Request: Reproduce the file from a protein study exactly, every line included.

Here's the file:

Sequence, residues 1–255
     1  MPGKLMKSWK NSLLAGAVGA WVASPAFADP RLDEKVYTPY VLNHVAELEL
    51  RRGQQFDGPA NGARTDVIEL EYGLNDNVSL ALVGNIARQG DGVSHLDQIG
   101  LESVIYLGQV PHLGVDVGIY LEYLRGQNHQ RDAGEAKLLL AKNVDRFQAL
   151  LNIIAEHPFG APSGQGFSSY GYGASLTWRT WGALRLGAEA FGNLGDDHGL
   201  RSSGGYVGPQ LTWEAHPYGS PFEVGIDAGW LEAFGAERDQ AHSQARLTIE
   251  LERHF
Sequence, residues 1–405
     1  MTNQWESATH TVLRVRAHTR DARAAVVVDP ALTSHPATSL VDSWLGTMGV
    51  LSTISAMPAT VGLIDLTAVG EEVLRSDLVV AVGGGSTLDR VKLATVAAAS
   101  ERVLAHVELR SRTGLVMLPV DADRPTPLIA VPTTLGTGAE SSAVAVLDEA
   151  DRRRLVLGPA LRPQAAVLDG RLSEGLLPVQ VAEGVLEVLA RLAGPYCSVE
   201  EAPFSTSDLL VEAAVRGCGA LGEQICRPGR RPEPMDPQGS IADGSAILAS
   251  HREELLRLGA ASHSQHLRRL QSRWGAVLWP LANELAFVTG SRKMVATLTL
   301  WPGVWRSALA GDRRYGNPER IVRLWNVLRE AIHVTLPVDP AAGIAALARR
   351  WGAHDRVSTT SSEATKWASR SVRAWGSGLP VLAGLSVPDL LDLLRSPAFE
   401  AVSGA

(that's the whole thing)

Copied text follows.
Sequence, residues 1–255
     1  MPGKLMKSWK NSLLAGAVGA WVASPAFADP RLDEKVYTPY VLNHVAELEL
    51  RRGQQFDGPA NGARTDVIEL EYGLNDNVSL ALVGNIARQG DGVSHLDQIG
   101  LESVIYLGQV PHLGVDVGIY LEYLRGQNHQ RDAGEAKLLL AKNVDRFQAL
   151  LNIIAEHPFG APSGQGFSSY GYGASLTWRT WGALRLGAEA FGNLGDDHGL
   201  RSSGGYVGPQ LTWEAHPYGS PFEVGIDAGW LEAFGAERDQ AHSQARLTIE
   251  LERHF
Sequence, residues 1–405
     1  MTNQWESATH TVLRVRAHTR DARAAVVVDP ALTSHPATSL VDSWLGTMGV
    51  LSTISAMPAT VGLIDLTAVG EEVLRSDLVV AVGGGSTLDR VKLATVAAAS
   101  ERVLAHVELR SRTGLVMLPV DADRPTPLIA VPTTLGTGAE SSAVAVLDEA
   151  DRRRLVLGPA LRPQAAVLDG RLSEGLLPVQ VAEGVLEVLA RLAGPYCSVE
   201  EAPFSTSDLL VEAAVRGCGA LGEQICRPGR RPEPMDPQGS IADGSAILAS
   251  HREELLRLGA ASHSQHLRRL QSRWGAVLWP LANELAFVTG SRKMVATLTL
   301  WPGVWRSALA GDRRYGNPER IVRLWNVLRE AIHVTLPVDP AAGIAALARR
   351  WGAHDRVSTT SSEATKWASR SVRAWGSGLP VLAGLSVPDL LDLLRSPAFE
   401  AVSGA